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George Bancroft, History of the United States from the Discovery of the American Continent, Vol. 6, 10th edition. 154 154 Browse Search
Harper's Encyclopedia of United States History (ed. Benson Lossing) 69 69 Browse Search
Lucius R. Paige, History of Cambridge, Massachusetts, 1630-1877, with a genealogical register 53 53 Browse Search
Benjamin Cutter, William R. Cutter, History of the town of Arlington, Massachusetts, ormerly the second precinct in Cambridge, or District of Menotomy, afterward the town of West Cambridge. 1635-1879 with a genealogical register of the inhabitants of the precinct. 27 27 Browse Search
Cambridge History of American Literature: volume 1, Colonial and Revolutionary Literature: Early National Literature: Part I (ed. Trent, William Peterfield, 1862-1939., Erskine, John, 1879-1951., Sherman, Stuart Pratt, 1881-1926., Van Doren, Carl, 1885-1950.) 14 14 Browse Search
Knight's Mechanical Encyclopedia (ed. Knight) 10 10 Browse Search
George Bancroft, History of the United States from the Discovery of the American Continent, Vol. 5, 13th edition. 5 5 Browse Search
HISTORY OF THE TOWN OF MEDFORD, Middlesex County, Massachusetts, FROM ITS FIRST SETTLEMENT, IN 1630, TO THE PRESENT TIME, 1855. (ed. Charles Brooks) 4 4 Browse Search
Medford Historical Society Papers, Volume 8. 3 3 Browse Search
Medford Historical Society Papers, Volume 10. 3 3 Browse Search
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Browsing named entities in Cambridge History of American Literature: volume 1, Colonial and Revolutionary Literature: Early National Literature: Part I (ed. Trent, William Peterfield, 1862-1939., Erskine, John, 1879-1951., Sherman, Stuart Pratt, 1881-1926., Van Doren, Carl, 1885-1950.). You can also browse the collection for 1768 AD or search for 1768 AD in all documents.

Your search returned 14 results in 8 document sections:

Cambridge History of American Literature: volume 1, Colonial and Revolutionary Literature: Early National Literature: Part I (ed. Trent, William Peterfield, 1862-1939., Erskine, John, 1879-1951., Sherman, Stuart Pratt, 1881-1926., Van Doren, Carl, 1885-1950.), Chapter 6: Franklin (search)
the spirit of his constituents and threw himself sternly into the struggle for its repeal. In 1766 he underwent his famous examination before the House of Commons on the attitude of the colonies towards the collection of the new taxes. The report of this examination, which was promptly published, is one of the most interesting and impressive pieces of dramatic dialogue produced in the eighteenth century. After the repeal, Franklin received recognition at home in the shape of new duties: in 1768 he was appointed agent for Georgia; in 1769, for New Jersey; in 1770, for Massachusetts. In the summer of 1766 he visited Germany; the following summer he visited Paris; and he was in France again for a month in 1769. His pen in these years was employed mainly in correspondence and in communications to the newspapers, in which he pointedly set forth the causes which threatened a permanent breach between the mother country and the colonies. In 1773 he published in The Gentleman's magazine t
Cambridge History of American Literature: volume 1, Colonial and Revolutionary Literature: Early National Literature: Part I (ed. Trent, William Peterfield, 1862-1939., Erskine, John, 1879-1951., Sherman, Stuart Pratt, 1881-1926., Van Doren, Carl, 1885-1950.), Chapter 7: colonial newspapers and magazines, 1704-1775 (search)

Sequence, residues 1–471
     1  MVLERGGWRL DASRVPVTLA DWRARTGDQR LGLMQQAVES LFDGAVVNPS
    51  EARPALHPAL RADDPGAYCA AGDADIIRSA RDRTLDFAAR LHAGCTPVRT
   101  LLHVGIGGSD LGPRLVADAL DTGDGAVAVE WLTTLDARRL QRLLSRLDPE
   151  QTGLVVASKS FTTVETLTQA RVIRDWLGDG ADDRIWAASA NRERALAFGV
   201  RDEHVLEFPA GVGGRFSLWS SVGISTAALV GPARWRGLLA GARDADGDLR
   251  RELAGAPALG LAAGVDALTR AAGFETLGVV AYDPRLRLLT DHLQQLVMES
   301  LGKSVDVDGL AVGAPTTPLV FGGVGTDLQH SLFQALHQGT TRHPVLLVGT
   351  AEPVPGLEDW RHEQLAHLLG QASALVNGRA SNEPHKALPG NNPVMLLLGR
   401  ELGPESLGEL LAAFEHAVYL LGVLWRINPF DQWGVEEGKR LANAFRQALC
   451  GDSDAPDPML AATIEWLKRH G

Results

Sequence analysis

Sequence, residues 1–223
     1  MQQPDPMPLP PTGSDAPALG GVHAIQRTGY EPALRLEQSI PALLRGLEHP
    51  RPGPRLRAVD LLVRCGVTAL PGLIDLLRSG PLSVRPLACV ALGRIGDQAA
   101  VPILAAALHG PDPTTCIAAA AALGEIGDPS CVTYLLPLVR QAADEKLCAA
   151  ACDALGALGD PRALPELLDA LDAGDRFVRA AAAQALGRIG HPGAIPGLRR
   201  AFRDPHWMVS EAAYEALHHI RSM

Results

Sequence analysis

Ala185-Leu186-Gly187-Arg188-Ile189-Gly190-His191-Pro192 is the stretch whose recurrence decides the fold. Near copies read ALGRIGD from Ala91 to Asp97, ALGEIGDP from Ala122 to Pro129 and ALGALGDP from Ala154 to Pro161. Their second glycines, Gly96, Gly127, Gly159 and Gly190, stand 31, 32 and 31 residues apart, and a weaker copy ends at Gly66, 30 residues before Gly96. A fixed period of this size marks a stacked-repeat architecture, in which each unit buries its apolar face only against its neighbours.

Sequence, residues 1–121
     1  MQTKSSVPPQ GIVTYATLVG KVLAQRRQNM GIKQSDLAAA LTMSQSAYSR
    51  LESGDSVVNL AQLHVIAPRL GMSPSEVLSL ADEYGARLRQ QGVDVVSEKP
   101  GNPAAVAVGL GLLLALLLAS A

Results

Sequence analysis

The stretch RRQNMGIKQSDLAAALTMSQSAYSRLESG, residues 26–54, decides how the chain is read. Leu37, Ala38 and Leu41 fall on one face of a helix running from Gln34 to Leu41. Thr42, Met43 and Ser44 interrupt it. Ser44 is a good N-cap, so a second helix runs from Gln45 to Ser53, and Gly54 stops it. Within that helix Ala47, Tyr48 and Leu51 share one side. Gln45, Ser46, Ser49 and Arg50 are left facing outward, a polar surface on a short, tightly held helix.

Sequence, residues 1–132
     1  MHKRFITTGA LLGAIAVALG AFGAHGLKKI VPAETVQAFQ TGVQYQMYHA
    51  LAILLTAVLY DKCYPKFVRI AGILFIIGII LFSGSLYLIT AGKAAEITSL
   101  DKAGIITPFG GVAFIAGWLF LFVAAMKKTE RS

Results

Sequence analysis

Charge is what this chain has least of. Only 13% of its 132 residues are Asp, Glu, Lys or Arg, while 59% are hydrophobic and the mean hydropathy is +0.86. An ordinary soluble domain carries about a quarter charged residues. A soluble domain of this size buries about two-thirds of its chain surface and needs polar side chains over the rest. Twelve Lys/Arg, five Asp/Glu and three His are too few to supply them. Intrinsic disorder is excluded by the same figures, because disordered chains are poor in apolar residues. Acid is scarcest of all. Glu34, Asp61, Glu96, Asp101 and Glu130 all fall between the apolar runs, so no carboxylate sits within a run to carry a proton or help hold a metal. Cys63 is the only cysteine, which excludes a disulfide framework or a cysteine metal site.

e social compact, or the principles of political law. He himself is referred to again and again as the ingenious Rousseau, or the celebrated Rousseau. And Emile and La Nouvelle Heloise were evidently in demand. The famous Letters of a Farmer in Pennsylvania by John Dickinson belong to the colonial press in a very special way, since not only did they first appear in The Pennsylvania chronicle, The Pennsylvania journal, and The Pennsylvania gazette almost simultaneously in the winter of 1767-1768, but they were reprinted in nearly every newspaper on the continent, from Nova Scotia to Georgia. See also Book I, Chap. VIII. The Letters were soon known in France, where they were translated by Jacques Barbeu Dubourg, with a preface of glowing compliment. Reports of French interest in America inclined the colonists still more to the French philosophy of government. As a matter of fact, from the time of the Stamp Act, political essays of every description filled the newspapers, and
Cambridge History of American Literature: volume 1, Colonial and Revolutionary Literature: Early National Literature: Part I (ed. Trent, William Peterfield, 1862-1939., Erskine, John, 1879-1951., Sherman, Stuart Pratt, 1881-1926., Van Doren, Carl, 1885-1950.), Chapter 8: American political writing, 1760-1789 (search)
essays had influence, however. Reprinted in The London chronicle, they were finally published in 1768, in revised form, under the misleading title of A dissertation on the canon and the feudal law. h colonies. Writings, ed. Ford, 1, 307-406. First published in a Philadelphia newspaper in 1767-68, See also Book I, Chap. VII. and reproduced from thence in most of the newspapers then issued in the colonies, they were in 1768 collected in a pamphlet, of which some eight editions appeared in America, two in London, one in Dublin, and a French version in Amsterdam. Without the legal masterp. II. and the famous Hutchinson Letters, which, although not made public until 1773, date from 1768-69. Written by Hutchinson, previous to his governorship, to a friend in England, the Letters discontributed to The London chronicle an article entitled Causes of the American Discontents before 1768, and later in the year he wrote a short preface for a London reprint of Dickinson's Letters from
Cambridge History of American Literature: volume 1, Colonial and Revolutionary Literature: Early National Literature: Part I (ed. Trent, William Peterfield, 1862-1939., Erskine, John, 1879-1951., Sherman, Stuart Pratt, 1881-1926., Van Doren, Carl, 1885-1950.), Chapter 9: the beginnings of verse, 1610-1808 (search)